One brave family, the Stapleford Greasleys, rejected the big Midlands towns on offer and went straight to Marcus Hook, Pennsylvania, in 1850.

Types of relationship

A researcher in Basingstoke found a few years ago that many stated male parents were not actual the fathers of their children.  Probably the men knew this.  A Maori woman might have children with several men before her family approve of her marrying one.  In England the pressures are different.   Here is a perfectly ordinary looking woman with a very sensible name gambling so she can have her 'big day' which Englishwoman see as their birthright (according to advertisers, at least).  There is less societal pressure for weddings, and many more opportunities to meet men unchaperoned.

People always ask 'how do you know the husband of a married woman is the father?'  The answer, at least before 1900, is that there were few chances for women to have encounters with anyone else.   This wasn't Victorian morals, as much as a Victorian awareness of how immoral we really were.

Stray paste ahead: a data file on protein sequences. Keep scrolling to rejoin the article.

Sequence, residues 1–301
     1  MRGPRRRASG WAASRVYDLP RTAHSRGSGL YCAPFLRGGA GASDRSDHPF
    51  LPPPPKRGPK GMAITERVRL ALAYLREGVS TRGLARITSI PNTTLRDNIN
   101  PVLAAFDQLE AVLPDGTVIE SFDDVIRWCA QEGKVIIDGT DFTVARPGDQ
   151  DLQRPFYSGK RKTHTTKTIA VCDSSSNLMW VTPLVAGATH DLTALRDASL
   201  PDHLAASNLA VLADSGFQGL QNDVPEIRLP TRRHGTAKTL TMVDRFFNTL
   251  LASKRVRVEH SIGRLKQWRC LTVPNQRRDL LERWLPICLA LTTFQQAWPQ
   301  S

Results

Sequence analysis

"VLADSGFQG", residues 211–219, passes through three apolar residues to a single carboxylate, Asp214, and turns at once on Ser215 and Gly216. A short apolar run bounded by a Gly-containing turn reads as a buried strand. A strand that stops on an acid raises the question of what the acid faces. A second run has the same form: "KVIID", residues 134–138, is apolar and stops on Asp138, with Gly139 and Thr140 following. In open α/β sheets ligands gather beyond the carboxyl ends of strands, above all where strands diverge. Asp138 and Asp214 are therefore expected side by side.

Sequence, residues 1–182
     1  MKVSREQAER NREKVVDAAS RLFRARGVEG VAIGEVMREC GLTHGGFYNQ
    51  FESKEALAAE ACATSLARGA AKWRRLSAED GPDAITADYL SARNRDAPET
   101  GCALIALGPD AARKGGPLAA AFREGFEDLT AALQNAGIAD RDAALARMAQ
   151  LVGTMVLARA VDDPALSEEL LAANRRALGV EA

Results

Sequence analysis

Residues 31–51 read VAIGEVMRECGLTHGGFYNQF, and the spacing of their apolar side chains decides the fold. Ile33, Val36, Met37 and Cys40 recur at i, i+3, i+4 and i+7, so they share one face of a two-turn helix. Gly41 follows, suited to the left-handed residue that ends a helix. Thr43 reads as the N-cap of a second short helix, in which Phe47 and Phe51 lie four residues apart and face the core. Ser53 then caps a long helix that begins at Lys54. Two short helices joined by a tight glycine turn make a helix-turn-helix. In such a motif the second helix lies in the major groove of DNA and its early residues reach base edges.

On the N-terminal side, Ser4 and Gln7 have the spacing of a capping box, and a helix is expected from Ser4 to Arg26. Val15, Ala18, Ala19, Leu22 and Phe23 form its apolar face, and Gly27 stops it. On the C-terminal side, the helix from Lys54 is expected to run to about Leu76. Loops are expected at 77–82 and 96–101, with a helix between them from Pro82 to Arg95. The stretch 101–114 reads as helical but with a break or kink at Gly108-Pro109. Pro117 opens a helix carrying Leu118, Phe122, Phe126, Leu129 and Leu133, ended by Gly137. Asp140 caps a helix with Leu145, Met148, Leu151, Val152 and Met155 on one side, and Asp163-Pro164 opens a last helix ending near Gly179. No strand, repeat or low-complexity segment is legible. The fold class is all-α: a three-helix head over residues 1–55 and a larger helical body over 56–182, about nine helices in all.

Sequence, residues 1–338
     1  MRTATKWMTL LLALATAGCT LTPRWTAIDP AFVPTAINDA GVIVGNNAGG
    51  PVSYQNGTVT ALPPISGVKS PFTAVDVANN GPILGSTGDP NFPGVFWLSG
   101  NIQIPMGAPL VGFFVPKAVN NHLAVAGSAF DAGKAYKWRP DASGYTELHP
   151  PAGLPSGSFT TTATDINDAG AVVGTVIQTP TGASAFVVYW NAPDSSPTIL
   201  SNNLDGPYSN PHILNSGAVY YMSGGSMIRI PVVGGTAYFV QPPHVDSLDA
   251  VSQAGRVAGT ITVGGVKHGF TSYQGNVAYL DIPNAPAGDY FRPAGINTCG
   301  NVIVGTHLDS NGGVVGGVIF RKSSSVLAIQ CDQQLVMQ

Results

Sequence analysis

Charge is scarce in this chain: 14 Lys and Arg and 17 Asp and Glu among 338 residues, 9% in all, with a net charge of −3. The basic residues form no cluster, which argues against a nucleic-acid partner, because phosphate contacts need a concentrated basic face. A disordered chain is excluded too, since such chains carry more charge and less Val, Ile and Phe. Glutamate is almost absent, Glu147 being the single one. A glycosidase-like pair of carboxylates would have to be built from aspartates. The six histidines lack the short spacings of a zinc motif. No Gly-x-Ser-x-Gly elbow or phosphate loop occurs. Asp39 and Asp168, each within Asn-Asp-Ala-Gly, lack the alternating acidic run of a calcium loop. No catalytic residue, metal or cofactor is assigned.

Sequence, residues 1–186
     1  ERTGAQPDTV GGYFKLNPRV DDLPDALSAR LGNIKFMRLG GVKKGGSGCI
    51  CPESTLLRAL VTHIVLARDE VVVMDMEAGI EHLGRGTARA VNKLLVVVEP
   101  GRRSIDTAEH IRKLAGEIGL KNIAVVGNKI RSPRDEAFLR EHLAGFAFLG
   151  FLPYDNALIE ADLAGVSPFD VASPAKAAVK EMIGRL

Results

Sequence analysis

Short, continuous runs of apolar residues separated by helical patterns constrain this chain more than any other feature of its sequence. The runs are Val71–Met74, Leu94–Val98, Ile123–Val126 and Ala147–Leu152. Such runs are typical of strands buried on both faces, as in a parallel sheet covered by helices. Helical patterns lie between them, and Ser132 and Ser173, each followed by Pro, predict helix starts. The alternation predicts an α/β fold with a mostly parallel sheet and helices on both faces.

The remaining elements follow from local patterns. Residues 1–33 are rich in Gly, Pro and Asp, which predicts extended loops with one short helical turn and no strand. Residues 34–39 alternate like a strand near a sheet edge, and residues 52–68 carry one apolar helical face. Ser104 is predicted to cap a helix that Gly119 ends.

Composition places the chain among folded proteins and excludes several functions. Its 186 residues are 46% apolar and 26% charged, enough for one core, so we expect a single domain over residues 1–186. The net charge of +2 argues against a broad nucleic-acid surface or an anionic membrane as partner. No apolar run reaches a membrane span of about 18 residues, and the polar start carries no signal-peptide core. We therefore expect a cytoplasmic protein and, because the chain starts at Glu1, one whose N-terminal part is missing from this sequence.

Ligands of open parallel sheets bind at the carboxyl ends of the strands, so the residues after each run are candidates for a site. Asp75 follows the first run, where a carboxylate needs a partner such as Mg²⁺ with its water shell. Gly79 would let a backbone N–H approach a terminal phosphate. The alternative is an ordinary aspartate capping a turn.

But here are two, perhaps related, screenshots of a modern age (the second is from GenoPro).

Staying power in our contacts, and more of them, please

A former editor of the Greenwood Tree met his wife while doing family history;  I once had a box of chocolates sent me from Kansas City - see 'choc or bloc' which I'll post some time.  My longest-running family history partnership goes back to 1994 and has seen us through changes in life circumstances, several trips to the States, and many a curry.  One gets dozens of contacts from people all the time, through Ancestry or Genes Reunited.  How on earth do you decide 'how far to go'.  I'm not suggested a church, but a marriage of ideas can prove pretty compelling.